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Feed suggestions for picky Cushing's/IR mare?

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  • Feed suggestions for picky Cushing's/IR mare?

    I've posted here before about my mare. She is 23 with Cushing's, and presumed IR (never tested, but does much better on a low-NSC feed). Fortunately (knocking wood) not laminitic.

    She is currently eating - or should I say, NOT eating - Wellsolve L/S. She does well on this feed, but lately I've been having real trouble getting her to eat it. This is not the first time she's done this - seems to be somewhat seasonal (tends to be spring, but also in the fall, apparently). The last time this happened I discovered that one of her supplements might be the culprit. I haven't completely ruled that out this time, but I'm starting to think about other things I could feed her, just in case.

    She doesn't really need the calories from grain. She's eating a mixed alfalfa/grass hay (don't know exactly how much, but something like 4-6 average sized flakes/day). It's been suggested to me that I change to a ration balancer, but I'm not sure how palatable those are. Right now she's getting about 2 cups of the Wellsolve twice a day, so not a lot.

    Suggestions? Thanks!

    Adams Equine Wellness

  • #2
    I feed my cushings gelding microphase - it's a vitamin and mineral pellet. It is low calorie but it has all the vitamins and minerals he needs. I can't feed much in the way of grain. I also feed him Metaboleeze (B vitamins and chromium). He just gets the microphase pellets with the metaboleeze mixed in and he eats it right up. My other horses eat the microphase too. He does great on these two supplements and mixed alf/grass hay. My vet recommended both products. They are from Kentucky Performance Products. You have to get the metaboleeze through your vet, but my feed store got the microphase for me. If I needed to add calories in the winter I feed a little Releve ( also recommend by my vet).


    • #3
      I have a mare that goes off her grain on a spring/fall cycle too (posted about it here in the past). For the first 2 1/2 years no one could really explain it and she was called picky and high maintenance!

      First thing to always try is getting the supplements out of her feed tub to see if she eats her grain then. You can always dose them if she can't do without them.

      Also, do some reading on leaky gut syndrome. When they have it, because they don't have what they need to break down the food properly, the bigger food molecules end up in their hindgut, leading to leaky guy syndrome. So the theory is that they don't eat their grain because it's hard for them to digest it and eating it makes them not feel good. One symptom of leaky gut (not sure if it's a symptom of other issues) is what I call leaky butt. When the poop they have a thin stream of liquid that trickles out after wards.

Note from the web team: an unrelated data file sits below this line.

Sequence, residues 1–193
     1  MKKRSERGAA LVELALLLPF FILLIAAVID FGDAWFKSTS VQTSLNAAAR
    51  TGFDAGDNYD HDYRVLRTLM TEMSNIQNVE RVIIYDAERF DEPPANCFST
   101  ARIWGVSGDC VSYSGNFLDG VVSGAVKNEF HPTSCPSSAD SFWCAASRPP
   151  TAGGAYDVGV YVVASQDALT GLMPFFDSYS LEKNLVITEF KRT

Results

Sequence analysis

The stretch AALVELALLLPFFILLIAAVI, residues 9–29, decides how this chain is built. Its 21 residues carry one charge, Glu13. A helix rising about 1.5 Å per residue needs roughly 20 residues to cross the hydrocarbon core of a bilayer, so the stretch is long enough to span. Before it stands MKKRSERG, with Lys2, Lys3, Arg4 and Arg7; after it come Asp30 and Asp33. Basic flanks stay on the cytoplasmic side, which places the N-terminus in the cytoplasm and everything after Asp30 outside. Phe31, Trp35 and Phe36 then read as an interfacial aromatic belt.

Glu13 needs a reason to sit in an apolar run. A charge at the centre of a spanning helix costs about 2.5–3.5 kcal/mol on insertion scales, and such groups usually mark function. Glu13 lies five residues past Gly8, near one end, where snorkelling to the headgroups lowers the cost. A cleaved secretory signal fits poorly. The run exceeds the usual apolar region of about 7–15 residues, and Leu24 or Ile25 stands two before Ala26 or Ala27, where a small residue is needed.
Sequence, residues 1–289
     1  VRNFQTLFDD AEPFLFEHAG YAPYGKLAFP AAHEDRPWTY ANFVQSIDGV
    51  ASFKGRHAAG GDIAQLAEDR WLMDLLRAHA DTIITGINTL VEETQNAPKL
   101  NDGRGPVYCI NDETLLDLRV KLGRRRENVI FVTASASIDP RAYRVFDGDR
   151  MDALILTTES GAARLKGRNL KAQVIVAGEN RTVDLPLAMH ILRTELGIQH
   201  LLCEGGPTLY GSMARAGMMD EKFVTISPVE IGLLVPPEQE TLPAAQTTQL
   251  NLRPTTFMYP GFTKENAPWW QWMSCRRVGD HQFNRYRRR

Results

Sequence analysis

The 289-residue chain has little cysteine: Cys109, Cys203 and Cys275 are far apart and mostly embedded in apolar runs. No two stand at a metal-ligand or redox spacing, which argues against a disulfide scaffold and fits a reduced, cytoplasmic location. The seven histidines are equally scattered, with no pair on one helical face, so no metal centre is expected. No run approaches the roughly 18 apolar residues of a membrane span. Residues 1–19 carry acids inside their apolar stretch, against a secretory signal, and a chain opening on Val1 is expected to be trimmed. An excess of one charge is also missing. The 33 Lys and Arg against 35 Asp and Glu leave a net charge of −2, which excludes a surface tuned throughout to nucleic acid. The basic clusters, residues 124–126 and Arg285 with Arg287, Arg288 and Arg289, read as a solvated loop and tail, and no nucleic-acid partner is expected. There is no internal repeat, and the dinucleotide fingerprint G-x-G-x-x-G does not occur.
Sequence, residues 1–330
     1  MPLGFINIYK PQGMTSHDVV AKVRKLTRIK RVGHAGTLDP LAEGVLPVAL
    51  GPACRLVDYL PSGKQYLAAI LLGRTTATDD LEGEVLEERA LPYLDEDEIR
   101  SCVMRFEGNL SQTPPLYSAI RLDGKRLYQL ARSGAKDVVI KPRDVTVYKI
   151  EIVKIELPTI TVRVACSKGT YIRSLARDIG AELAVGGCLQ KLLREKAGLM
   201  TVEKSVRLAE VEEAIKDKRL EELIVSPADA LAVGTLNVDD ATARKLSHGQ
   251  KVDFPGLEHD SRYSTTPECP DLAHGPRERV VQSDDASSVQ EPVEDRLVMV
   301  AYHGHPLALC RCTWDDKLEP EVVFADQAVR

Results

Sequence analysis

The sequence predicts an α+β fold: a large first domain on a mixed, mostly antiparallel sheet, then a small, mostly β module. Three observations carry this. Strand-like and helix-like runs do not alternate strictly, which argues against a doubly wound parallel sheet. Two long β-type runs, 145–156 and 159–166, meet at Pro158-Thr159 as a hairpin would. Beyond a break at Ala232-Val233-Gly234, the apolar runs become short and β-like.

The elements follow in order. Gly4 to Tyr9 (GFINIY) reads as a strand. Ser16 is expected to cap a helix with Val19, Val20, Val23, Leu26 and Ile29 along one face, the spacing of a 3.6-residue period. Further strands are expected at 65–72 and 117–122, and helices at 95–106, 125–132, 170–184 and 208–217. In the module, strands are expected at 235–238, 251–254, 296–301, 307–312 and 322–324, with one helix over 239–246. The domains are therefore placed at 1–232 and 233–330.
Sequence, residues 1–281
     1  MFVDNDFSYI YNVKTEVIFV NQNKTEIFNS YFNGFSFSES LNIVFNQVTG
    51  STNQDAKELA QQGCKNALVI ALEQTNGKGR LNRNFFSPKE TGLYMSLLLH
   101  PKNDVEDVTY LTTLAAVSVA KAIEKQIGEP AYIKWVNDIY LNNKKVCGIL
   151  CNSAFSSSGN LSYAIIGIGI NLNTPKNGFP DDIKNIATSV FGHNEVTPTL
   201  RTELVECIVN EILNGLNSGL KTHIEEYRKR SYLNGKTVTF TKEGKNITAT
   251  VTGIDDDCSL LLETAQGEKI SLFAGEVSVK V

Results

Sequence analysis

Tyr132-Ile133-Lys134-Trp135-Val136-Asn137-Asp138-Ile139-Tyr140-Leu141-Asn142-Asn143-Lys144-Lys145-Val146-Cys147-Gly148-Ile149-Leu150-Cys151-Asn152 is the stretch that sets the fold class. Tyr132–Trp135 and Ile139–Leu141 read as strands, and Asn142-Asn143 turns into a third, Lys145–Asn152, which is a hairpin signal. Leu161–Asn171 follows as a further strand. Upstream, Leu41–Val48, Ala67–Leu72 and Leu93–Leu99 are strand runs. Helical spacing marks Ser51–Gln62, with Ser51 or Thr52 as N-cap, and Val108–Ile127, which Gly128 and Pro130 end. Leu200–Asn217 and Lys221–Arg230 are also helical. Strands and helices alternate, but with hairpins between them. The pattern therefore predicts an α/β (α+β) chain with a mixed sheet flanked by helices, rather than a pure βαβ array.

I'm not sure why it shows up spring/fall. One theory I heard is the enzymes in the grass change, though my mare goes out about 6 hrs/day in a paddock that doesn't have a whole lot of grass. I also wonder if the shedding/growing coat stresses their bodies if they have other issues.

      Fortunately, I have a great vet who works really hard to stay on top of the latest research. She has me feeding a probiotic and a digestive enzyme and we are trying to prop up her liver & pancreas function too.

      I hope this helps!



      • #4
        Here are a few very helpful websites for you, the first a compendium of useful things for both PPID and IR, the second a source for excellent online courses in equine nutrition, to supplement your OSU courses.

        Some taste tempters that have worked well for others are either peppermint tea poured over the feed and supps, or dried peppermint leaves sprinkled on top. There are others but those are the two I would try first. On a fully balanced feed that would simplify things for you, see if you can find Ontario Dehy Timothy Balanced cubes, with the lavender label on the bottom. (Ontario Dehy makes other cubes, but the balanced ones have had minerals added to make it a safe complete feed, all you'd need to add are vitamin E, iodized salt and some flax.)
        RIP Sasha, best dog ever, pictured shortly before she died, Death either by euthanasia or natural causes is only the end of the animal inhabiting its body; I believe the spirit lives on.